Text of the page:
'Close calls' prompt new closure signage as City Creek Canyon construction ramps up

Workers install a sign after Salt Lake City Department of Public Utilities held a news conference highlighting public safety concerns related to increased pedestrian and cyclist traffic in closed areas of City Creek Canyon on Friday.

Workers install a sign after Salt Lake City Department of Public Utilities held a news conference highlighting public safety concerns related to increased pedestrian and cyclist traffic in closed areas of City Creek Canyon on Friday. (Scott G Winterton, Deseret News)


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SALT LAKE CITY — Signs were posted in City Creek Canyon nearly seven months ago, informing visitors the canyon access road is closed on weekdays. All areas past about 3 miles up the canyon are closed entirely because of a multiyear project to rebuild a water treatment plant in the canyon.

But the A-frame signs set up at the canyon entrance and along trails that connect with the road haven't stopped some bicyclists, runners and walkers from moving them, sidestepping them, or blatantly ignoring them altogether. This has led to a handful of "close calls" between visitors and construction vehicles, according to the Salt Lake City Department of Public Utilities.

Jesse Stewart, the department's deputy director, isn't sure how many of these near-incidents there have been, but the department released photos and videos of several cases over the past few months where runners, walkers and bicyclists tried to squeeze past construction vehicles. One incident that stood out to him involved a family of four, including small children, walking next to a moving crane.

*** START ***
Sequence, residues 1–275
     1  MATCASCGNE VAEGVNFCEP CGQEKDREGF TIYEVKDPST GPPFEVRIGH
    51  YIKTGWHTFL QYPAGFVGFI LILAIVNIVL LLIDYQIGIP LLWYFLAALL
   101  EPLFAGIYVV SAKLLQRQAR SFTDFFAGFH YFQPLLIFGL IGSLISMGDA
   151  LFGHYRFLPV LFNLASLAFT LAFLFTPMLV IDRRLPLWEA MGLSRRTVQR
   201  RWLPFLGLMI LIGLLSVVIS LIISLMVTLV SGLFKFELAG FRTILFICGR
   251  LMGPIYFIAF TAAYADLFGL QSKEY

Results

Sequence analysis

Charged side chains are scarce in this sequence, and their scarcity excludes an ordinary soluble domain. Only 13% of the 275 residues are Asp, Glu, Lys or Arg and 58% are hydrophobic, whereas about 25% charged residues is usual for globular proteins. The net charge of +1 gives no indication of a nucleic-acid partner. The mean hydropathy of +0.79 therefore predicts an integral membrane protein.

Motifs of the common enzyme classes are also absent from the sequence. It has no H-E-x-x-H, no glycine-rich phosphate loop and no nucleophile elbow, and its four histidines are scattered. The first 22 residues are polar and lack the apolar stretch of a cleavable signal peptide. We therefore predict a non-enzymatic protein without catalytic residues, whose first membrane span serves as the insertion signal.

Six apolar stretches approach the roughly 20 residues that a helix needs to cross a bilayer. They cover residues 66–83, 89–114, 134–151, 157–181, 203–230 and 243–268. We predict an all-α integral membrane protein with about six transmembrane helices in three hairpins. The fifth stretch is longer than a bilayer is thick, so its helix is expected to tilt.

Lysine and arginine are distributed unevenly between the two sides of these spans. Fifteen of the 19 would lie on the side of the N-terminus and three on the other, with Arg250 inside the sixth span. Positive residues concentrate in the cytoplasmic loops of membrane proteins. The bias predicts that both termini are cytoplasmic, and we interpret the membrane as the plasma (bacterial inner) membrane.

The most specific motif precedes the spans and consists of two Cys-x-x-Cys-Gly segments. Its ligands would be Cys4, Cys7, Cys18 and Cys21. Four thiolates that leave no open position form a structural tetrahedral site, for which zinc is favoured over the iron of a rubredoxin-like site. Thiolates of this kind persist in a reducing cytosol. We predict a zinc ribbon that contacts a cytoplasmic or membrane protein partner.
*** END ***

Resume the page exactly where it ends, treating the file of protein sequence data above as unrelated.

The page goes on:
"I wouldn't say it was the tipping point, but just the amount of interactions we're seeing — we just want to get the message out there," he said, moments before two walkers and a bicyclist tried to get into the canyon Friday.

People move past closure signs or construction vehicles during times City Creek Canyon was closed to visitors over the past few months. Salt Lake City Public Utilities officials say they've had an uptick of "close calls," so they're adding more signage to remind people the canyon is closed on weekdays.
People move past closure signs or construction vehicles during times City Creek Canyon was closed to visitors over the past few months. Salt Lake City Public Utilities officials say they've had an uptick of "close calls," so they're adding more signage to remind people the canyon is closed on weekdays. (Photo: Salt Lake City Public Utilities)

As the project picks up steam and as temperatures warm up and draw more people to the canyon, Salt Lake City public utilities crews are now installing more obvious and permanent signage to definitively let visitors know the canyon is closed Monday through Friday — and past picnic site No. 16 at all times.

The new signs will remain in place until the project ends in mid-2027. Stewart said there could be times when the canyon is closed during a weekend or holiday, but the department will warn residents in advance.

If the problem persists, he said the department could work with Salt Lake police to issue citations.

"The primary goal here is to keep people safe, he said. "Closing the road wasn't just to close it down just because we can. (We closed) it down because there's a true need to close the road down."

Jesse Stewart, deputy director of Salt Lake City's Department of Public Utilities, speaks during a news conference Friday to highlight public safety concerns related to increased pedestrian and cyclist traffic in areas of City Creek Canyon which are restricted due to construction.